Diminished Motivation on the Job…

Johnny-on-the- Spot

A recent Gallup poll revealed there are lots of bored employees out there.

The study said 71% of workers were “unmotivated”.

By definition, nearly three-fourths of American workers do not have an interest in or enthusiasm for their occupation.

Who’s to blame for that?

Well, Carlos Castaneda said, “We either make ourselves miserable or we make ourselves strong. The amount of work is the same.”

So where’s the problem?

Look in the mirror,  unhappy workers!

Of  that 71% number, 54% said they were “not engaged at all” and 17% were “actively disengaged.”


They’re emotionally detached from their work.

These are the folks who show up for work, give the minimal effort to get by and then go home.

“Going above and beyond” is not something you find with these folks.

Experience has shown me that they’re often the biggest grumblers and complainers.

They are the ones that love the “suggestion box” because they can express an opinion and remain anonymous.

Don’t get me wrong.

I don’t dislike “bitchers” as long as they have the strength of conviction to own up to their complaints.

And, more than complain, how about an option to deal with that?

It appears the “work ethic” in American is on life-support.

A ventilation machine, perhaps?

“Work ethic” is “the principle that hard work is intrinsically virtuous or worthy of reward.”

For the 71% of workers who are unmotivated, can you show me the mark on your head where someone pressed a weapon to your temple and told you to take that job?

And stay there.

You don’t like your work?

Whose problem is that?

Again, look in the mirror.

That noted person, “anonymous” said , “The greatest waste of our natural resources is the number of people who never achieve their potential. Get out of that slow lane. Shift into that fast lane. If you think you can, there’s a good chance you will. Even making the effort will make you feel like a new person. Reputations are made by searching  for things that can’t be done and doing them. Aim low: Boring. Aim high: Soaring.”

Years ago, a friend told me to find a job that you love and you’ll never work a day in your life.

I’m afraid, though that some take that literally.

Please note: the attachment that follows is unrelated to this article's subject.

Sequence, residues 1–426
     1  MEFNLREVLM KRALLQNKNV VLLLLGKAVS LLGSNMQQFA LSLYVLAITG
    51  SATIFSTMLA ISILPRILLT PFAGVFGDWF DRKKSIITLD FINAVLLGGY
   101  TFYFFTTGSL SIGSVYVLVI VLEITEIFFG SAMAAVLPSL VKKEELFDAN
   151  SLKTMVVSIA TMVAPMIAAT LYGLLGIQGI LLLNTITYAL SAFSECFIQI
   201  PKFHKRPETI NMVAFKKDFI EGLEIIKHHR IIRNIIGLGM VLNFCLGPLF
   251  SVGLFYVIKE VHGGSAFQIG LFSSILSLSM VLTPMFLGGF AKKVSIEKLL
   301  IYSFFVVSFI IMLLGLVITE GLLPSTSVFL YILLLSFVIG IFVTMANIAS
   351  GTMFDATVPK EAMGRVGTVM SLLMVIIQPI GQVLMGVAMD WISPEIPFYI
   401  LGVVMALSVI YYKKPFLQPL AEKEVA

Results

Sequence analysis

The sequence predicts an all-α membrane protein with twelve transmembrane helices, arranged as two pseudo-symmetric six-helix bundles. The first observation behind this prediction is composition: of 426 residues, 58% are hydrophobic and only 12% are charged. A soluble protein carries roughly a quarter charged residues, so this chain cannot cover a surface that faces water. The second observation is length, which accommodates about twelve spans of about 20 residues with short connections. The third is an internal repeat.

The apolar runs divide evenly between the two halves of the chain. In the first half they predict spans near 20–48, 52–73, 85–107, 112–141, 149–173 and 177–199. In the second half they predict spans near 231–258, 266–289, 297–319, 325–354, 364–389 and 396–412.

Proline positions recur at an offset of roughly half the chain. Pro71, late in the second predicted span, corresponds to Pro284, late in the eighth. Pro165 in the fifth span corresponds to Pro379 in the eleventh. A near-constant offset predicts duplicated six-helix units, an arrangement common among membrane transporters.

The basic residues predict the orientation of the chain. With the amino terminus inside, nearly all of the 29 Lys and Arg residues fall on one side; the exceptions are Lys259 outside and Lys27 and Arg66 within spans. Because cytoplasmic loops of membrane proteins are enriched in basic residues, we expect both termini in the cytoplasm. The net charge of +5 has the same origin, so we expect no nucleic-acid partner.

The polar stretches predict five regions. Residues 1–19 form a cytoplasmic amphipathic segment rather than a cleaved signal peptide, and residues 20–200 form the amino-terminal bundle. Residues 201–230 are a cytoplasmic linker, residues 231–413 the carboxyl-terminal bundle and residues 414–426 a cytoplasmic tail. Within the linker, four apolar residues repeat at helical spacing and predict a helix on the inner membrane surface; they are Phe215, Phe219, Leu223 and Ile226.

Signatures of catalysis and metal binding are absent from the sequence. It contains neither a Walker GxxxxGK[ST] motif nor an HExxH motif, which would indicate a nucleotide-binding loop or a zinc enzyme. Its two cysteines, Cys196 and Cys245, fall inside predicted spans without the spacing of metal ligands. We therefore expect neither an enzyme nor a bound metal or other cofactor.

I’ve always enjoyed my work but I have had times when I emphasized with ax murders.

Sometimes my work required me to perform unpleasant tasks, (nothing illegal, mind you) but sometimes personnel issues can be “itchy”.

For the most part, I’ve been blessed to work with great people.

But working with difficult people can a positive, too.

Geraldine Laybourne, chairperson of Oxygen Media said, “When people complained to me about bad bosses, she’d say, ‘Aren’t you lucky,’ because the more examples of bad management you see, the more you’ll learn. I learned more from my worst boss than I did from my best. I took notes on how I would NOT manage.”

There’s a “lemons and lemonade” analogy there.

I honestly believe there is no amount of money that could keep me doing a job that I didn’t enjoy.

The best thing I ever did a number of years ago was to leave the broadcast profession and take a job that, at the time, paid me more money than I had ever known.

It was a management position with great benefits and a company car.

It’s what I thought I really wanted.

Until the morning I was looking in the mirror and I told myself, “I hate this job!”

So I quit.

When I showed up at home, my wife said, “You’re home early.”

I said, “I know’ I just quit my job.”

“What do you want to do?” she asked.

I said I just wanted to chill for awhile. The job had burned me out.

I chilled till the next morning.

I started calling folks I knew and before long, I was back in media work.

Been there ever since.

Viktor Frankl said, “The last of the human freedoms…to choose one’s attitude in any set of circumstances.”

My wife could have gone ballistic when I told her I quit my job or I could have continued at a job that I did not like until it consumed me.

There’s a history of heart attacks in the Foster family.

But I remembered having a discussion with my father years ago about this very thing.

He told me, “When you have a wife and family depending on you, bills to pay,  sometimes you have to do things that aren’t fun and rewarding.”

And I told him that I would never do that.

He smiled and patted me on the back, probably thinking, “Naive, idealistic kid. You’ll see.”

Well, I held true to that statement when faced with the challenge.

I’ve always been motivated but I don’t depend on the company I work for to provide that.

I’ve always had my own goals and objectives and I figured if I stayed true to them, the company would benefit from this engaged employee.

David Grayson said, “Happiness, I have discovered, is nearly always a rebound from hard work.”

That amazing quote machine, anonymous said, “If you can’t get enthusiastic about your work, it’s time to get alarmed—something is wrong. Compete with yourself; set your teeth and dive  into the job of breaking your own record. No one keeps up his enthusiasm automatically. Enthusiasm must be nourished with new actions, new aspirations, new efforts, new vision. It’s one’s own fault if his enthusiasm is gone; he has failed to feed it. If you want to turn hours into minutes, renew your enthusiasm.”

So, if you’re unmotivated and disengaged, remember these words from management consultant, educator and author Peter F. Drucker.

“The best way to predict the future is to create it.”


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